The Friday Afternoon Movie: Henry: Portrait Of A Serial Killer

Today the FAM presents John McNaughton’s 1986 low budget cult classic Henry: Portrait of a Serial Killer. Released in 1990 after years of battling with various censors over its content it is, perhaps, one of most effective horror movies of the past two decades, forgoing piles of gore for a documentarian approach to the genre.

The titular Henry, played by Michael Rooker, is a drifter, who just happens to leave a trail of bodies behind him. Indeed, the first thing we see is the body of a nude woman in a field, after which we see Henry as he goes about his day with scenes from other crime scenes interspersed throughout. It is only later, when our other two main characters show up, Becky (Tracy Arnold) who has left her husband to stay with her brother, the incredibly creepy Otis (Tom Towles) in Chicago, that we are formally introduced to Henry or, at least, the Henry that presents himself to the world.

Rooker’s performance here is excellent, displaying a strained awkwardness that serves as a mostly successful veneer for the terrifying person underneath. It’s a cover that completely disappears when he’s out looking for victims. Towles, for his part, manages to play a character who is actually creepier than the psychopath he is paired up with. Arnold may be the weakest link among the three. Her character is too direct, her dialog too on the nose, but there is just enough there to get the audience to care about her. Her penultimate scene in Otis’s apartment is completely expected and yet that makes it no less horrifying.

Made for a $110,000 in less than a month, Henry was inspired by real life killer Henry Lee Lucas who, at one time, was thought to be one of America’s most prolific serial killers. (It was later revealed that while Lucas had confessed to over 600 murders, most of them he could not have committed and was simply confessing to whatever cold case was put in front of him in exchange for improved accommodations in prison.) Interestingly, Henry’s story of his mother is surprisingly close to that of Lucas’s who also was a violent prostitute who often forced him to watch her while she had sex with clients. She would also make him wear girl’s clothing and dresses and his father actually did lose both his legs, after being struck by a freight train.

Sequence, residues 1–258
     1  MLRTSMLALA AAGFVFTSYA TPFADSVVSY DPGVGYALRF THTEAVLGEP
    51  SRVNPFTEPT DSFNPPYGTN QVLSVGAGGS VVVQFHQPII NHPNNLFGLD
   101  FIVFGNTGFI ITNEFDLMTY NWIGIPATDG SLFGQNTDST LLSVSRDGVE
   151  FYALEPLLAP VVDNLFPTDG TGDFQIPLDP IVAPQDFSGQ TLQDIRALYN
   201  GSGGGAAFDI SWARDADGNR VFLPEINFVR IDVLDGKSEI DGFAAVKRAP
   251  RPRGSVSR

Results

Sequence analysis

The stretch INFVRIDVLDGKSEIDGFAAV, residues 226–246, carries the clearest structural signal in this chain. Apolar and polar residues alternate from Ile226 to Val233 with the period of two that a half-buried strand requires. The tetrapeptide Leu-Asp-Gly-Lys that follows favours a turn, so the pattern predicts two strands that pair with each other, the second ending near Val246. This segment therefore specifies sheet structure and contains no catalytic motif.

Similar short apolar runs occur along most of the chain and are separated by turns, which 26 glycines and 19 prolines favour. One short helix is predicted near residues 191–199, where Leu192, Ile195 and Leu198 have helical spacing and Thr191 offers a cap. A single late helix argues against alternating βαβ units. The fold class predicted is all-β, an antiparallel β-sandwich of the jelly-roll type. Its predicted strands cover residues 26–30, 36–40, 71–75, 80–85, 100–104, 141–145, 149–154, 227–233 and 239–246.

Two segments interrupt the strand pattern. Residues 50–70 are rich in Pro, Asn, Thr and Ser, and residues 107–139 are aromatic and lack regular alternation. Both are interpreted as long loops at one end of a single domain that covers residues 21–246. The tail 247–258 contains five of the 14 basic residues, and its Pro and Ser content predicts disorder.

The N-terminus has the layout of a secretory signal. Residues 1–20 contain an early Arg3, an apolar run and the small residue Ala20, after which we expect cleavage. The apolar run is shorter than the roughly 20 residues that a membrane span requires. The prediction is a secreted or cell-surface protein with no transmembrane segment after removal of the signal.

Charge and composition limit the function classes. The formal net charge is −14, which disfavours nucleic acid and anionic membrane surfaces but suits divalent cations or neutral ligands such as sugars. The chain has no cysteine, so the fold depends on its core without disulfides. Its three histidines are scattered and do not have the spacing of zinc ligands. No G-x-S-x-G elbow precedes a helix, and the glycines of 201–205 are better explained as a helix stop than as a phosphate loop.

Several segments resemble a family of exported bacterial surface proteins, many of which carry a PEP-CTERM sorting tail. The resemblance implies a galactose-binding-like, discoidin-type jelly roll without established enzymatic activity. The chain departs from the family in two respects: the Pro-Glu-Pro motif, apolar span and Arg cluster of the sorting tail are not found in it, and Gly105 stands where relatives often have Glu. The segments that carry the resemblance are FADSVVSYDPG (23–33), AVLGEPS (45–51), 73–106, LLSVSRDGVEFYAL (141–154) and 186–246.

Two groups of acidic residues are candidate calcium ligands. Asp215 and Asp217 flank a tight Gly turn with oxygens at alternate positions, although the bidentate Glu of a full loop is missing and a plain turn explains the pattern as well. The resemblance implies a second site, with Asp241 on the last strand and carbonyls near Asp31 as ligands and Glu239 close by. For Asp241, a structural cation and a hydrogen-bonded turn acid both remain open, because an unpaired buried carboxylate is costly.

Due to the budget constraints, many of the actors were close friends of McNaughton. One of them, Mary Demas, appears as three different dead (or soon to be dead) people: the dead woman in the field, the dead woman in the bathroom, and one of the prostitutes Henry kills with Otis. The street scenes are devoid of extras as, again, there was no money to hire any, so the two men having an argument in front of the subway that Becky emerges from were not acting, they just refused to move. Rooker apparently stayed in character on and off set for the entire 28 days and was so unsettling to be around that his wife, after have found out she was pregnant, waited until after shooting had ended to tell him.

It’s a a tour de force of low-budget film-making. Shot in 16mm, it’s a film that feels strangely real. Watching Henry is like watching an unmarked video found along the road, evidence hastily disposed of. You are watching something you weren’t meant to see, and so are absorbed by it and, in some ways, complicit in the events that unfold. It almost feels like something you should turn in to the police.

It’s a sentiment very much echoed in the scene of Henry and Otis (having been taken under Henry’s wing) watching a video they shot (using a camcorder acquired earlier through less than legal means) of the pair during a home invasion in which they kill a man, woman, and their son. As the video ends, Otis hits rewind causing Henry to ask “What are you doin’?” To which Otis replies, simply “I want to see it again.” Watching it again he goes over the segment of himself assaulting the wife and mother frame by frame, as much an indictment of their voyeurism as ours.

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